Penticton-based emergency fire dispatch services are moving to Kelowna.
Regional District of Okanagan-Similkameen directors voted Thursday to award a five-year contract to the City of Kelowna for $1,076,000, despite the objections of the four Penticton city council members on the board.
Under the regional district‘s weighted voting system for financial matters, the motion passed by a 30-23 margin, although the actual vote count was 12-6 in favour. The Penticton directors were joined by Oliver Mayor Pat Hampson and Princeton Mayor Randy McLean in opposing the Kelowna bid.
A visibly upset Penticton Fire Chief Wayne Williams declined detailed comment afterwards, noting he wanted to personally tell the five Penticton dispatchers the news before they learned about it on FaceBook.
"It‘s very upsetting. We don‘t know what our next actions are going to be," he said.
Penticton had submitted the highest of four tenders for the dispatch contract with a bid of $2,865,000. Surrey and the Fraser Valley Regional District had both submitted bids of less than $1.3 million.
In the end, the cost difference was just too much for most RDOS directors to ignore. Osoyoos Mayor Stu Wells said the regional board must take fiscal responsibility into consideration.
"How could you not go for the low bid, when the service being provided is equal if not better?" Wells said.
Michael Brydon, RDOS director for West Bench which is part of the Penticton Fire Department protection area, said the regional district must pay attention to the economies of scale.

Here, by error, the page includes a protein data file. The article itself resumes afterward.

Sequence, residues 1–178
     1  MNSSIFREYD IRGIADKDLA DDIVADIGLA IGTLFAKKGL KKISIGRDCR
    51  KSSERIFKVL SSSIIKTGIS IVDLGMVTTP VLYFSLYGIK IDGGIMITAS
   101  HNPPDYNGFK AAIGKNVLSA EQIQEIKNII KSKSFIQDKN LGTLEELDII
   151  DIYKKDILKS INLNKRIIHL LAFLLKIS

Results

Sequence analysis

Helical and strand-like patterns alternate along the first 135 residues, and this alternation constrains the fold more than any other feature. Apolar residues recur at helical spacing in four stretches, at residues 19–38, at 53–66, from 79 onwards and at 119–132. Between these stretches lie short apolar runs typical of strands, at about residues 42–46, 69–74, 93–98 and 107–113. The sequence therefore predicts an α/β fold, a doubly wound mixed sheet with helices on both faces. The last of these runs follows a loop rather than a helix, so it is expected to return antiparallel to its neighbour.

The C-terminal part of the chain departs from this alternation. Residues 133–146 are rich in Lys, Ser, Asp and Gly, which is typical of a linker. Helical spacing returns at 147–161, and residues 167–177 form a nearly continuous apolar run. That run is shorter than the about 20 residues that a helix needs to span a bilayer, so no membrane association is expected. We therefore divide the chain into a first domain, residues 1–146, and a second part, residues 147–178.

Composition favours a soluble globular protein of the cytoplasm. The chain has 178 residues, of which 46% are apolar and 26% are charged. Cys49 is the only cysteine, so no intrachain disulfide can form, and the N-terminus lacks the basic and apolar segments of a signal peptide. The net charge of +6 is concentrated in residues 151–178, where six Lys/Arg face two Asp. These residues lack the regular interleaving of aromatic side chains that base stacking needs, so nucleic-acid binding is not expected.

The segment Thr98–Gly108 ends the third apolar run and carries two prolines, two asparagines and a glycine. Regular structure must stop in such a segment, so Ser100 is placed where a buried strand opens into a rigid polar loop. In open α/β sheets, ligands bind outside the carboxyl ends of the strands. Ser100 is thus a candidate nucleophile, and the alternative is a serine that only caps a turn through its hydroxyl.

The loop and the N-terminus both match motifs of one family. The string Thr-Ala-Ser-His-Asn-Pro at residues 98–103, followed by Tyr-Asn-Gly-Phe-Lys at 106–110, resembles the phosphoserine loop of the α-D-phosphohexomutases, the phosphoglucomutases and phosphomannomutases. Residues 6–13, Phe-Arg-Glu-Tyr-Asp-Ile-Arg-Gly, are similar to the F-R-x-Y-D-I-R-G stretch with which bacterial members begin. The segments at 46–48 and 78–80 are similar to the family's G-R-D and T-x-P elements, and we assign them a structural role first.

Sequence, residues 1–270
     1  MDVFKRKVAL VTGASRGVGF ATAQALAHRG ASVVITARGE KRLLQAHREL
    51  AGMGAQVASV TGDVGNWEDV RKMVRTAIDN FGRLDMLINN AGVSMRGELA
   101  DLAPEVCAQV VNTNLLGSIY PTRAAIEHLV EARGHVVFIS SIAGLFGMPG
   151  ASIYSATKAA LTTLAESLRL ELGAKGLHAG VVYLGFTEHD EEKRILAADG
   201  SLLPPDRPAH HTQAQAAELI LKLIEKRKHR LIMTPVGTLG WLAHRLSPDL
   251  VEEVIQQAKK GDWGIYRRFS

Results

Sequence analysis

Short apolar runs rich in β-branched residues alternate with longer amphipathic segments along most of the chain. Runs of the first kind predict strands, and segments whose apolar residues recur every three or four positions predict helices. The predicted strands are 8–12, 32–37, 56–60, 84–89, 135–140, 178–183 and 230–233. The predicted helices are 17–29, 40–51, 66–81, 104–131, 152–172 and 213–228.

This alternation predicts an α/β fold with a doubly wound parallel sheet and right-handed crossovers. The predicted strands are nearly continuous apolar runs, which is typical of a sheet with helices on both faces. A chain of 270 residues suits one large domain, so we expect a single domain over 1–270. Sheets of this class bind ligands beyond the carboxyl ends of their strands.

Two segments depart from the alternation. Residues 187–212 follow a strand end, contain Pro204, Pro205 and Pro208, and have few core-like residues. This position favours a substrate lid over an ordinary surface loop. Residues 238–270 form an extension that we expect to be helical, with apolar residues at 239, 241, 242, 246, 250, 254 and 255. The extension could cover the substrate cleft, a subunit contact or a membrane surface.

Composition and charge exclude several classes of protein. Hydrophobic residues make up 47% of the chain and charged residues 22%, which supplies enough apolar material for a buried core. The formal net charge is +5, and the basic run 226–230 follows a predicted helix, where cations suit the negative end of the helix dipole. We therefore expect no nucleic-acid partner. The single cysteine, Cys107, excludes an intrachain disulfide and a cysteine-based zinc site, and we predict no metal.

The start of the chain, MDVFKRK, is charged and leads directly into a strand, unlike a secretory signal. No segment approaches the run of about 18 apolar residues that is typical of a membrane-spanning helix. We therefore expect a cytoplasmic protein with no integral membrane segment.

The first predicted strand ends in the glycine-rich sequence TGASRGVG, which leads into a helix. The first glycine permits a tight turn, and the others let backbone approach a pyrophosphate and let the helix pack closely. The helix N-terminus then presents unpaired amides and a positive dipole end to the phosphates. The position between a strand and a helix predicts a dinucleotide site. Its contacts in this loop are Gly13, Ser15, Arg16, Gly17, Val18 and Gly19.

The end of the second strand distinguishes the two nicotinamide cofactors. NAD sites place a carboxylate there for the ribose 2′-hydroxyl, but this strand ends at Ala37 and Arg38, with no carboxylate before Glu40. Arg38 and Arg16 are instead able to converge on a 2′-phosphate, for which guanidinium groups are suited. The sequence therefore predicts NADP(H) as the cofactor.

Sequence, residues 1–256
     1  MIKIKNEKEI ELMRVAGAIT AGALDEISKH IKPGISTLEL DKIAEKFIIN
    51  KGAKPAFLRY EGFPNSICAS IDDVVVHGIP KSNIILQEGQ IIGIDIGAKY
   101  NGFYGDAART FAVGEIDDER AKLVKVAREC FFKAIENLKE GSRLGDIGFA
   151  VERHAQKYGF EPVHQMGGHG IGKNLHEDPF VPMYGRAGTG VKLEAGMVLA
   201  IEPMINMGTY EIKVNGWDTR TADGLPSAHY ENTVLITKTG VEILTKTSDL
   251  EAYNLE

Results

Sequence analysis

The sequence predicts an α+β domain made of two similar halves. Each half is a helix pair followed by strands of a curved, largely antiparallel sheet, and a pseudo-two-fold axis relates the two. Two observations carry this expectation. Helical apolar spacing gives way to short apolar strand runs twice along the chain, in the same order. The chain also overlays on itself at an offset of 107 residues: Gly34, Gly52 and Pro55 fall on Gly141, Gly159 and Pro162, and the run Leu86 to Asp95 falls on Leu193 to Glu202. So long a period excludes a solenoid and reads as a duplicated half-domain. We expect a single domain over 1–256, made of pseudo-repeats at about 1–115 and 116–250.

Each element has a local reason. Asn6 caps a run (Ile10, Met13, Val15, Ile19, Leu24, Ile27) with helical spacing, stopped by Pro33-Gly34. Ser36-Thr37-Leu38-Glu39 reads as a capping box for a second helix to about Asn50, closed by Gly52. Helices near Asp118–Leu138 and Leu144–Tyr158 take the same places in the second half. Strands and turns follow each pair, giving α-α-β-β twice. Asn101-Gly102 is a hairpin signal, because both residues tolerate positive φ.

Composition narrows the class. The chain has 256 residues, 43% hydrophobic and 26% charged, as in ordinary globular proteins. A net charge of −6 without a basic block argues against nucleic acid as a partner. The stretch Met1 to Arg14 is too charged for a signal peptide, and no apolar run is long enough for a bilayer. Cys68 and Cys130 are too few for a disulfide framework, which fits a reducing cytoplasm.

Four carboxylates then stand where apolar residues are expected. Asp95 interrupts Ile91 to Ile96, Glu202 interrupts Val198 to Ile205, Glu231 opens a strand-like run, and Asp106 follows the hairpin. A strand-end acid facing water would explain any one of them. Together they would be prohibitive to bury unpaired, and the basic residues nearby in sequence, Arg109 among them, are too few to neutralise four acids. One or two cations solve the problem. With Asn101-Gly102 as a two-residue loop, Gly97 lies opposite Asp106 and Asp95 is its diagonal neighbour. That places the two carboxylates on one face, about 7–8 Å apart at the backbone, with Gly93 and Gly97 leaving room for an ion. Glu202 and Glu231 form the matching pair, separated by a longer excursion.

Brydon noted the same principal is being faced by West Bench residents who are contemplating whether to link up with the City of Penticton‘s water system.
The Kelowna dispatch centre currently provides dispatch service for all fire departments within the Central Okanagan Regional District.
However, the opposing directors doubted that Kelowna will hire any more dispatchers, even though they will be faced with an additional 4,700 calls a year from the RDOS.
Penticton director Garry Litke also expressed concern about the tender rating system used by the RDOS, which placed 40 per cent of the criteria on price, yet contained no category for reliability.
Litke pointed to Kelowna "Radio Over Internet Protocol" system in which radio calls are directed to outlying fire departments through the Internet. He noted there are often Internet service problems in the South Okanagan, especially near Anarchist Mountain.
"When the Internet goes down, what happens to your 911 service? People are going to be left with their lives hanging in balance while somebody tries to figure out how to re-establish communications," he said.
[MJB editorial aside] Note that Director Litke confused "the Internet" (a network) with "Internet Protocol" (a packet-switched data transfer protocol). See Wikipedia for more information.
Hampson said the cost-savings realized by moving the dispatch centre to Kelowna would only amount to about $5 or $6 a year per household.
[MJB editorial aside] We heard exactly this same argument when talking about the donation to Okanagan College, the subsidy to the Okanagan Film Commission, this project, that project.... This "cost of a cup of coffee" logic is precisely how you get shocked when you open your tax bill. No projects or proposals we see at the RDOS are unworthy in isolation. But hard choices still have to be made.
The Penticton dispatch centre will continue to operate until the end of this year, when the current five-year contract with the RDOS expires.